Therefore,the Buddhists try to explain that the body, mind, and emotions arenot self since none can exist beyond permanent. If these differentparts of the human are separated, then it is clear that there will benothing like human existence. The changes that take place in a humanbody bring about suffering and these results in one developing adesire of running away from these hardships of life. The Buddhistsshow that the solution to human suffering does not lie onself-understanding, but rather by moving from living state tonon-existing state through death (Brodd 263).
Hinduismbelieves in the existence of oneself, but the objection of theBuddhism is due to the perception that the self is immortal.Buddhists view self as composed of five different portions thatinclude emotions perceiving mental development union, and consciousfeeling. None of them are stable in that they change with time andbecome non-existent when someone dies. Buddhism, therefore, taughtits believers on the need to avoid the perception of self-awarenessto understand the truth and gain self-liberation.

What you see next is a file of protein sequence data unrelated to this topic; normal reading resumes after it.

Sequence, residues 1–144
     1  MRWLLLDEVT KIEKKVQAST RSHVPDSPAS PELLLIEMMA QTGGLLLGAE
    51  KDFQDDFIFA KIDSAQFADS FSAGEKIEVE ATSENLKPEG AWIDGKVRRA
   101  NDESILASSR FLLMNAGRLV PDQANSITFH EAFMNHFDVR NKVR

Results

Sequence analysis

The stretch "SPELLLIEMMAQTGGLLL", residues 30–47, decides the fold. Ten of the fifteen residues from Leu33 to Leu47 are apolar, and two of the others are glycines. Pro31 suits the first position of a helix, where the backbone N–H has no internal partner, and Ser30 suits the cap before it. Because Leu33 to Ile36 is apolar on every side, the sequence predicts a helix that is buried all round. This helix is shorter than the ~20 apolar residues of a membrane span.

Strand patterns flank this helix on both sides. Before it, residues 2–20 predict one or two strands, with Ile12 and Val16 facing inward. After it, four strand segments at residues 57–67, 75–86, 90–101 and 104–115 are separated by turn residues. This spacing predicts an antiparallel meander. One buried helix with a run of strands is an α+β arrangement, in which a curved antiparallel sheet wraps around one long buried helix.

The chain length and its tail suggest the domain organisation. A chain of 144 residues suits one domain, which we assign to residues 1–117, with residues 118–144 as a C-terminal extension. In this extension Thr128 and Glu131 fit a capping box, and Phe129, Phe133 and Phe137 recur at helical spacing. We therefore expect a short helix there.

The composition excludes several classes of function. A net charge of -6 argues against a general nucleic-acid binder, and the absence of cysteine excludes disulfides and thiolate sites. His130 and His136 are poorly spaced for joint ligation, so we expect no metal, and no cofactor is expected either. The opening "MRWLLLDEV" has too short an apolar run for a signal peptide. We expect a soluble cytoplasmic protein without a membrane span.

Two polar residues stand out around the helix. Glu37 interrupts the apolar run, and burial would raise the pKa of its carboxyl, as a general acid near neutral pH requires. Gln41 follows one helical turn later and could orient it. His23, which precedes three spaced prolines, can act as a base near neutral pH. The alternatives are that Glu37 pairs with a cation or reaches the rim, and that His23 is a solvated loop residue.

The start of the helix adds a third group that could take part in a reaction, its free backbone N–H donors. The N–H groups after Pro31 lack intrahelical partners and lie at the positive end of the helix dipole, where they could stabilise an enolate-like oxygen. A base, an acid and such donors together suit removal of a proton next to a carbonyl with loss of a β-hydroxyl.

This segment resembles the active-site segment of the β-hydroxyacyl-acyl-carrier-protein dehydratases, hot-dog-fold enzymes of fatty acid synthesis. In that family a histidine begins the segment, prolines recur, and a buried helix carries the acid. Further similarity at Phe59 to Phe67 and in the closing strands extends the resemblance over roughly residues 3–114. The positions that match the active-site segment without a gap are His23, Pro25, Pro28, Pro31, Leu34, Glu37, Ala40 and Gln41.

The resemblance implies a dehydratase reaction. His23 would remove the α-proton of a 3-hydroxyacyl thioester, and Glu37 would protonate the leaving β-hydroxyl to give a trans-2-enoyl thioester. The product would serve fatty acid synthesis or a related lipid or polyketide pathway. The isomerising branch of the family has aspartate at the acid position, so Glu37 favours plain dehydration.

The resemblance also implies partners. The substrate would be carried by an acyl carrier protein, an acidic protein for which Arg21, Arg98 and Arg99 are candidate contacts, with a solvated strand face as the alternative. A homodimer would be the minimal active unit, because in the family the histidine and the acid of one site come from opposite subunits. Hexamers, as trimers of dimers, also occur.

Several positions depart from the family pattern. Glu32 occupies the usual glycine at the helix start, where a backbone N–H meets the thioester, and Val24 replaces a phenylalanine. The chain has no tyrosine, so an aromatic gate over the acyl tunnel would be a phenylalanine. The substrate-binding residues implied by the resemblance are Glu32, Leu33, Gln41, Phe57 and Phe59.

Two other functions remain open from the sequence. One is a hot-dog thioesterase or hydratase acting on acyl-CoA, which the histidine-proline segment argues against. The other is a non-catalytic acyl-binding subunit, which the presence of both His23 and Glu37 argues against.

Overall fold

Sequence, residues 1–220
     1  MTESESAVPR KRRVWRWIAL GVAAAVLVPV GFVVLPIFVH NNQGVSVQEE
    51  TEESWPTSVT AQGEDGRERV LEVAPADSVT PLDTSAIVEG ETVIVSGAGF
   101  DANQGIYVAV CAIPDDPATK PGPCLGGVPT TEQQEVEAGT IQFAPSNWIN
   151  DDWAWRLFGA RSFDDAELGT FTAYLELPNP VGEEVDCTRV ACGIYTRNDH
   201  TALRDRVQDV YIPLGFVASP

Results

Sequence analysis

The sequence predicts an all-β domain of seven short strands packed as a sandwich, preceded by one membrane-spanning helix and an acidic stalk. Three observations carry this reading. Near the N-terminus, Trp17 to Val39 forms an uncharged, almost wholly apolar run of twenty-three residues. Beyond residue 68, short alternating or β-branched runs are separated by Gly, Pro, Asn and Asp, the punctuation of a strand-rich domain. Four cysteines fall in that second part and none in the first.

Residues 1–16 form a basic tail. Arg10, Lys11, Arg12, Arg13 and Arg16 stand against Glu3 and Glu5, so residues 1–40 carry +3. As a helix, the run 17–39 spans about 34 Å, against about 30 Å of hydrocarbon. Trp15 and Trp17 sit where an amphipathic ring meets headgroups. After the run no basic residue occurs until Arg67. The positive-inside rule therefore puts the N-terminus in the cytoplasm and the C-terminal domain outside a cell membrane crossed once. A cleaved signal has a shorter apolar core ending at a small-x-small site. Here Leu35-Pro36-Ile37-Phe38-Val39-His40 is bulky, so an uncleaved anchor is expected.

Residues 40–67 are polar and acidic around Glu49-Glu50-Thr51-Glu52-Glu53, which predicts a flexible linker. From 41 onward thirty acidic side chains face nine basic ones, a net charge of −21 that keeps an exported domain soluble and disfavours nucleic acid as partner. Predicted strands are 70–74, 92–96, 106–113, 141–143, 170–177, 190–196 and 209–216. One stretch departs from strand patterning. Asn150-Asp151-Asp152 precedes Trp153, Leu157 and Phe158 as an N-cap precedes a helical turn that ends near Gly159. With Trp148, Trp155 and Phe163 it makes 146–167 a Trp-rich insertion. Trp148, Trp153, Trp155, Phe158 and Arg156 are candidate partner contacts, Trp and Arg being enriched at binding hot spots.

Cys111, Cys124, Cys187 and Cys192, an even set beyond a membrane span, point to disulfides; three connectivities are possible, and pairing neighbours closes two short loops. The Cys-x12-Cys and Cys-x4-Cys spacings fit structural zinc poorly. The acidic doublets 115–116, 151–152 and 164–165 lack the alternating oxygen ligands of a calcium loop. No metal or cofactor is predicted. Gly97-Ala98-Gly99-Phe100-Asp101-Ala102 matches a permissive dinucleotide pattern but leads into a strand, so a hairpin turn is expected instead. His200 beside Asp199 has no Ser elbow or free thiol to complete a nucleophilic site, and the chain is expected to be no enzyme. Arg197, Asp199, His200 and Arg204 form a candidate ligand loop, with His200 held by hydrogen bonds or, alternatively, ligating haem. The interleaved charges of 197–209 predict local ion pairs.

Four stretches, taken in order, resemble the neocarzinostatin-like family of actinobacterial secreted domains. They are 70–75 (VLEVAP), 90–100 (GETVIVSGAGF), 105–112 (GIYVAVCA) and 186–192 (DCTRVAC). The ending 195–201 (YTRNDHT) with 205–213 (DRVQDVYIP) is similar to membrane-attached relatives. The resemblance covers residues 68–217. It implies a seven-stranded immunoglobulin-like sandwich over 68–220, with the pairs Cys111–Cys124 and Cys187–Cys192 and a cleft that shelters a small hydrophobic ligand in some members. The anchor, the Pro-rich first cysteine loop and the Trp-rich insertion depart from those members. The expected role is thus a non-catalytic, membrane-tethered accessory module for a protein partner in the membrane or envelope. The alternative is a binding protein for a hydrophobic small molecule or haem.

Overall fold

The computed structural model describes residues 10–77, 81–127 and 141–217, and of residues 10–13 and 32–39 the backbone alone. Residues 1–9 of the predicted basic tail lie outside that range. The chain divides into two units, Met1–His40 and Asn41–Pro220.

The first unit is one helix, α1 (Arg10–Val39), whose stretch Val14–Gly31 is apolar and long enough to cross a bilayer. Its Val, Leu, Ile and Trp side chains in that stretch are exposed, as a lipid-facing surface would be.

Therule of karma meant the reason behind the human cage of the soul, andone can liberate them through changing their life behaviors. Thisidea was equally acceptable both in Hinduism and in Buddhism since itconsidered as a plain reality of life. Until now, this rule of karmahas been so much absorbed in their minds that it regulates their dayto day activities. Civilization has not changed their trust in thisrule since it makes them more responsible and concerned about theiractions (Brodd 278).